So, who is coming to hibernate this summer?
UB40 used to be one band, now it is two. In spite of lengthy legal jousting over the use of the name, both UB40’s are still performing and one of them is coming to New Zealand for seven shows – the Red Red Wine vineyard tour – beginning Wednesday. The lineup we are getting includes original members Astro, Mickey Virtue, and lead singer Ali Campbell. Although they are tetchy about being pegged as a covers band, it’s a fair call. Most of their hits are merely reggae tainted retreads of well known classics: Red, Red Wine (Neil Diamond), I Got You, Babe (Sonny and Cher), I Can’t Help Falling In Love With You (Elvis Presley), I’ll Be Your Baby Tonight (Bob Dylan), The Way You Do The Things You Do (The Temptations), and numerous others. Support acts for this tour are the excellent local reggae legends Herbs, and ex-Opshop singer Jason Kerrison. Tour dates are as follows…
Jan 6, Kainui Road Vineyard, Kerikeri
Jan 8, Black Barn Offsite, Havelock North
Jan 9, Lakefront Reserve, Rotorua
Jan 10, TSB Bowl of Brooklands, New Plymouth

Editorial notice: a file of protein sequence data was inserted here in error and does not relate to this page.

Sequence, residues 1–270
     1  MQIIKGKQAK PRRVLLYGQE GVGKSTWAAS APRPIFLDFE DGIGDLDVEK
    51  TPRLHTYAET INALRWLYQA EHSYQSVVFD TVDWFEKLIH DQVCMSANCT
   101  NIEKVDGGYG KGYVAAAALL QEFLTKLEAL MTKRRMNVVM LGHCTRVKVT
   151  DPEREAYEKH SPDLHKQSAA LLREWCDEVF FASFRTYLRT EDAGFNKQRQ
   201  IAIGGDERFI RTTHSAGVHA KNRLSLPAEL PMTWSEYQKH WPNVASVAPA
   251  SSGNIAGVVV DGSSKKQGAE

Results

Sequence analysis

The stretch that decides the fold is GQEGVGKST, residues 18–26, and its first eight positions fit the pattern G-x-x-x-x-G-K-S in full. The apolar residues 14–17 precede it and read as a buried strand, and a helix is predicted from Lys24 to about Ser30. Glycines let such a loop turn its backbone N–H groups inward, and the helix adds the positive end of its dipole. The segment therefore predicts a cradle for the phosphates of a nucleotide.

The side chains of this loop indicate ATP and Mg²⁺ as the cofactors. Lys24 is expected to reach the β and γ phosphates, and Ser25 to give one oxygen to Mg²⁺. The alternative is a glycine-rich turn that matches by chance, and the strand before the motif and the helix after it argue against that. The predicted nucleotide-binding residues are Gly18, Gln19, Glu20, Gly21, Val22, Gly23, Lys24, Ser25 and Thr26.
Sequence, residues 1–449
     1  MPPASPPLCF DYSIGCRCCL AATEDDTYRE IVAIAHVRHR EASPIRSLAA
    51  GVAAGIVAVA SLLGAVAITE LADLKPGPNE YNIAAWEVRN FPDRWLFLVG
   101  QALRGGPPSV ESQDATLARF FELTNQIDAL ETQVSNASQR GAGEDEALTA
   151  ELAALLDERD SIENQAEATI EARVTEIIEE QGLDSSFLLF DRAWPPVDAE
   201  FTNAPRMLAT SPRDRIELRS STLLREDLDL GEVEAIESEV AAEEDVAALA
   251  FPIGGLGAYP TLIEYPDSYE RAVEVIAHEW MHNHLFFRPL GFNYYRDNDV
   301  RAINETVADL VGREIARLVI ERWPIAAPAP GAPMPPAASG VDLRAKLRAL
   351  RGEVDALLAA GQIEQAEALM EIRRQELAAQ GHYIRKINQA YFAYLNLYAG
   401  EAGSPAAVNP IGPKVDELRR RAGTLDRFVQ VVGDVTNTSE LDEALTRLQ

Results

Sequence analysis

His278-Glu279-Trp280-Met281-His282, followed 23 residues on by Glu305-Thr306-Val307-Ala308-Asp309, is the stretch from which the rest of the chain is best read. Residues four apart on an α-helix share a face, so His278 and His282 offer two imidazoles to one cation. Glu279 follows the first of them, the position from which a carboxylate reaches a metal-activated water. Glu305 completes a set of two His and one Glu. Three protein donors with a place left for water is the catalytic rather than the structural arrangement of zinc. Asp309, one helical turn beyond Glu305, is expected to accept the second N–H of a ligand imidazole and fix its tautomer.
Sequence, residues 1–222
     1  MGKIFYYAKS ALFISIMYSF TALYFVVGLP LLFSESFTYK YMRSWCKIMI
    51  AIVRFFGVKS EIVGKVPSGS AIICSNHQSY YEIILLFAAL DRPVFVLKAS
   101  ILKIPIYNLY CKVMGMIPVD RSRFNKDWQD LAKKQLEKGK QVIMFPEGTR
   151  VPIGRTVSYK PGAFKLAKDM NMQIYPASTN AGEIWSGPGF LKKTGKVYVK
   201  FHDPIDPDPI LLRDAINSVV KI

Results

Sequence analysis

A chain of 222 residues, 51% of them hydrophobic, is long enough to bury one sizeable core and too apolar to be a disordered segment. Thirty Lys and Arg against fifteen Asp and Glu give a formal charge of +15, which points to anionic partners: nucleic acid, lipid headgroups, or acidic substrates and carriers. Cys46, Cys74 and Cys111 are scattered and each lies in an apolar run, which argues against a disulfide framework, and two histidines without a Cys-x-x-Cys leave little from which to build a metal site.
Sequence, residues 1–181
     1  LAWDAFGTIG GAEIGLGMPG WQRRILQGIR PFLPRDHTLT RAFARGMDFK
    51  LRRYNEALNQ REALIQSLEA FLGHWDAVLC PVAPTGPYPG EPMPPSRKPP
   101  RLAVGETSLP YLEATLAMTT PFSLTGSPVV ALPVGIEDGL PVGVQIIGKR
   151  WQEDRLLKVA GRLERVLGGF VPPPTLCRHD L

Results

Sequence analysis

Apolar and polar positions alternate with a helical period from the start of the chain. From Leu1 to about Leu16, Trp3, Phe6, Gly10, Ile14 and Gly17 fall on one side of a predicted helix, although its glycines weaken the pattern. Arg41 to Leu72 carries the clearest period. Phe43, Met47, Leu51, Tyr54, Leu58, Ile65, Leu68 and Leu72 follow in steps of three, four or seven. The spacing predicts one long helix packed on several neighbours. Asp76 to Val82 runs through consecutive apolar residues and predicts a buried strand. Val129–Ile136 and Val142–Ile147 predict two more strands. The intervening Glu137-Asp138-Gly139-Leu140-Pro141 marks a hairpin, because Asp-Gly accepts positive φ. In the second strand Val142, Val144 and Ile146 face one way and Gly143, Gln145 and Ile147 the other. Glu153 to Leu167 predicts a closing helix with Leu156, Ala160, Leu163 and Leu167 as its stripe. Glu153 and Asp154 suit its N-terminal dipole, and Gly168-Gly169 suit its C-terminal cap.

Jan 15, Waitiri Creek Winery, Queenstown
Jan 16, Waipara Hills Winery, Waipara
Jan 17, Matua Wines, Auckland (Sold out)
…and tickets can be purchased through Eventfinda.
Secondly, or maybe thricely, Huey Lewis and the News, REO Speedwagon and Melissa Etheridge are on their way, doing three shows in January as part of a 2016 Summer Tour package. Outdoor shows take place at Gibbston Valley Winery in Queenstown (Jan 23), Taupo Amphitheatre (Jan 30), and Whitianga Waterways Arena (Jan 31). Tickets are available through Ticketek.
Huey Lewis and The News burst out of the San Fransisco scene in the early 80’s, all drape jackets and skinny ties, and soon had a slew of smart pop/R&B hits in their portfolio: Hip To Be Square, I Want A New Drug, The Heart Of Rock & Roll, Stuck With You, and the quite fabulous Power Of Love. The 90’s were less kind to them, with more personnel and record label changes than actual hits. They continued to tour and occasionally record though, and although Lewis’ voice seems to struggle with some of it these days, they do have a strong back catalogue to satisfy audiences with.